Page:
Thus, the ground was ready for a new kind of experimentation in Bengali theatre in which the conscious objective would be to go beyond the present situation, and to consider the prospect of social change. Nor was this confi ned to Bengal. All over India, generally, the

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left-minded thinkers, writers and artists, increasingly came to feel a need to identify themselves with the political project of transformation. On 10 April 1936, the first conference of the Progressive Writers’ Association, which included notable littérateurs like Mulk Raj Anand, Prem Chand, Sajjid Zahar and others was held in Lucknow. Some years later, when towards the end of 1943, the fi rst open session of CPI was held in Bombay, and a conference of progressive writers and artists was also convened. Thus, the IPTA was born.

In Bengali theatre, the process was triggered when a group of young men and women, all from outside the world of theatre, decided to do something different. In 1939-40 some of them had just returned from England after their higher education – Jyoti Bose, Nikhil Chakraborty, Manindralal Biswas, Mohit Bandyopadhyay, and in 1940, along with a group of postgraduate students of Calcutta University, they were instrumental in setting up the Youth Cultural Institute in Kent House on Mission Row. To begin with, the activities were limited to debates and discussions, very interestingly in English, on international issues. Gradually, others joined in, many of whom later came to dominate Bengal politics and culture: Debabrata Biswas, Chinmohon Sehanobis, Uma Chakraborty (later Sehanobis), Ramkrishna Mukherji, Ambika Ghosh, Sanat Lahiri, Saroj Dutta, Kamal Bose and Subrata Sengupta. It was decided that if the institute was to become broader based, then it should widen its activities – and produce plays.7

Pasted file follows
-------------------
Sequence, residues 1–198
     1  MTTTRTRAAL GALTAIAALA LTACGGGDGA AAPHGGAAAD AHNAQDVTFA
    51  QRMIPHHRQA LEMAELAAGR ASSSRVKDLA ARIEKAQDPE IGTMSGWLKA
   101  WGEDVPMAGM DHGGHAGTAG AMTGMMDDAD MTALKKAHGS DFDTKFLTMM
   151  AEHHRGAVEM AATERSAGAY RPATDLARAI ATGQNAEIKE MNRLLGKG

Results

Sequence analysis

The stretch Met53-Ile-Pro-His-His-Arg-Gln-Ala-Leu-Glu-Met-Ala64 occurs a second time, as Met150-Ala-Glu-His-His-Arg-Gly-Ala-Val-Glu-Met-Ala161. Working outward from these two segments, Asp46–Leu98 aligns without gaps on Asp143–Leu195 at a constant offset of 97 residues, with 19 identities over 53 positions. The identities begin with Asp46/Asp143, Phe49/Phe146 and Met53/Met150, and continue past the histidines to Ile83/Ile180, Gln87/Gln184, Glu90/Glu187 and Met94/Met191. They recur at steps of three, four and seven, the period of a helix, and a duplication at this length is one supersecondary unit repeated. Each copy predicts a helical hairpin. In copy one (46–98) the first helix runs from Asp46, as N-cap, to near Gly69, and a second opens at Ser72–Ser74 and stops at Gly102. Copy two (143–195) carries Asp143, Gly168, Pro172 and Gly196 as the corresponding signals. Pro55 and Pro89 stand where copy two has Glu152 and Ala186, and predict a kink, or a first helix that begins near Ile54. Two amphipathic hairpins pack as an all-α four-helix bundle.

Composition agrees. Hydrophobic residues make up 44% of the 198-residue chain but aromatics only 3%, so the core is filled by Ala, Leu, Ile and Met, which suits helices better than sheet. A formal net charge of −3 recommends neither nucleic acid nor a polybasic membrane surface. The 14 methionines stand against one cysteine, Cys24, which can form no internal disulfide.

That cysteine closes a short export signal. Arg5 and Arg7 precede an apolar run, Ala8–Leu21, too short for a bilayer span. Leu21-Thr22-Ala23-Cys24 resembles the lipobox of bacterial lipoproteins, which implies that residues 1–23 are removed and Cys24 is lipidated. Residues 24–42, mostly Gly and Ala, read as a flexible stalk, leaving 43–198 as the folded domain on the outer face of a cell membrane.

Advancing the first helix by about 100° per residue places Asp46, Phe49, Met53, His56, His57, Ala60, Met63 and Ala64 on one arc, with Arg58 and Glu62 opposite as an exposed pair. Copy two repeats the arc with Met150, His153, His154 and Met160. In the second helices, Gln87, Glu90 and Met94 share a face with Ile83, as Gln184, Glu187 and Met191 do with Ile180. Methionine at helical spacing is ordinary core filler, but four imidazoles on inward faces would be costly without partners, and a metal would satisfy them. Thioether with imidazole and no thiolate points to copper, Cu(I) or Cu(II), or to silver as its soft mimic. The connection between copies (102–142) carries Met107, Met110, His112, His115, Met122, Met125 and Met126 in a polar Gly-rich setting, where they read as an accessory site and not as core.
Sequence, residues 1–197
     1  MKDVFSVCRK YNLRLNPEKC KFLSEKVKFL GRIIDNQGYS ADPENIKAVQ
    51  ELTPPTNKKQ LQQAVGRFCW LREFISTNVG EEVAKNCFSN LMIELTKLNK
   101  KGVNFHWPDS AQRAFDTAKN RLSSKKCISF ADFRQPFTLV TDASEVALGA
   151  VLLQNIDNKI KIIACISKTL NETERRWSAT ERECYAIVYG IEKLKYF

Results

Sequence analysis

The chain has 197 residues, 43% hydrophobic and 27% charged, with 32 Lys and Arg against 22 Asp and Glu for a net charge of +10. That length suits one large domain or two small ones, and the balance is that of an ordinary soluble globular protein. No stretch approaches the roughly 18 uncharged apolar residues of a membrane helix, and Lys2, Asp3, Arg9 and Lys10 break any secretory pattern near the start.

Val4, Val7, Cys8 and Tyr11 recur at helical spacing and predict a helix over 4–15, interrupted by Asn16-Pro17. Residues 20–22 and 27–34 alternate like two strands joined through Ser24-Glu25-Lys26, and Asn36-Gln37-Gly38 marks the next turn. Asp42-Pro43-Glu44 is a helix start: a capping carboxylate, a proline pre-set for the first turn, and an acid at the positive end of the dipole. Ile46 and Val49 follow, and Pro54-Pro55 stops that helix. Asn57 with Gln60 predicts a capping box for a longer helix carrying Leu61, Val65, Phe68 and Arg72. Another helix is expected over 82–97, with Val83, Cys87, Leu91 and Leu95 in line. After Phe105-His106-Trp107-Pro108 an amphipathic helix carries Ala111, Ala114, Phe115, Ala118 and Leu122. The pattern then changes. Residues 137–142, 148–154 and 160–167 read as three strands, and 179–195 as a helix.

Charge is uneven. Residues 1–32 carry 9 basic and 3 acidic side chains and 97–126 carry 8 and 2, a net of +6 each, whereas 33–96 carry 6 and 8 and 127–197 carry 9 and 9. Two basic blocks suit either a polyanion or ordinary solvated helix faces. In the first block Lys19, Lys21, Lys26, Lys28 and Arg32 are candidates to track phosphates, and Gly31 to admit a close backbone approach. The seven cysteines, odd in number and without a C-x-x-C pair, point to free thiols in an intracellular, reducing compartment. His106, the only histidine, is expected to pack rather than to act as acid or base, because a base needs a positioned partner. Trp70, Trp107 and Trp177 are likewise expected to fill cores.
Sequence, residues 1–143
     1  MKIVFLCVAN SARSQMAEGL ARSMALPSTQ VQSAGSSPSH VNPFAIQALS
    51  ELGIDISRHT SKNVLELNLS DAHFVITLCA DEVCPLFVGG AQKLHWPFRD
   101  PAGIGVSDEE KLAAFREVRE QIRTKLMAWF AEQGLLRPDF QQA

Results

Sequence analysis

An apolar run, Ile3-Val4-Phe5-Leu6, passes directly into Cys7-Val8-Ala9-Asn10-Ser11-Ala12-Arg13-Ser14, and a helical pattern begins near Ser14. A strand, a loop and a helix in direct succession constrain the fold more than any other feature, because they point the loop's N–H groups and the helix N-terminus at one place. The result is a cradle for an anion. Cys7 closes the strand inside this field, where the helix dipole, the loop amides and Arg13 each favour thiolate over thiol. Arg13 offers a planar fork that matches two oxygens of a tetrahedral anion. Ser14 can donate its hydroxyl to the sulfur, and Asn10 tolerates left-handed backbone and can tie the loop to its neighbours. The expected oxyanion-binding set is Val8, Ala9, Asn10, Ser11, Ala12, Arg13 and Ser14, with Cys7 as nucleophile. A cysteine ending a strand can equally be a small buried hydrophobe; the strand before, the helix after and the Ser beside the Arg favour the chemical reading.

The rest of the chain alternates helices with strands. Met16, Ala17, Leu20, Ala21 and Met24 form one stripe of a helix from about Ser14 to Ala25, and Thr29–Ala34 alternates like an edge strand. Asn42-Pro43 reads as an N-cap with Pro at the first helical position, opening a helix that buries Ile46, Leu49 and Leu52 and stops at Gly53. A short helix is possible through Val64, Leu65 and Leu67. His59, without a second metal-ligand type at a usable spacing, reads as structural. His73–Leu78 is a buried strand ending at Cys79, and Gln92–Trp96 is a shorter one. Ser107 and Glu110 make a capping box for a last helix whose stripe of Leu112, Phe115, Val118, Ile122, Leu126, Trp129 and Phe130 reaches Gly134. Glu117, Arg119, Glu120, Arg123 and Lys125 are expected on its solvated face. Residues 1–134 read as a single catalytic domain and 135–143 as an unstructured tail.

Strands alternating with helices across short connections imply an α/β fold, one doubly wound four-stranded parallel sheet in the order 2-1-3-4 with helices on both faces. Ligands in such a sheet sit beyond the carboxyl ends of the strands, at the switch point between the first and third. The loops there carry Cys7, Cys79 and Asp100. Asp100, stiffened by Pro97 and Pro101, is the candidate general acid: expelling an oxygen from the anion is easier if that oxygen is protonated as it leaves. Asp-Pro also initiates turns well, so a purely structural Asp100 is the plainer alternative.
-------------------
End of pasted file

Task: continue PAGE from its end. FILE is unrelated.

Thus, a new practice of political plays was initiated, which achieved a certain peak with the IPTA, and more specifi cally, with the production of Nabanna in 1944.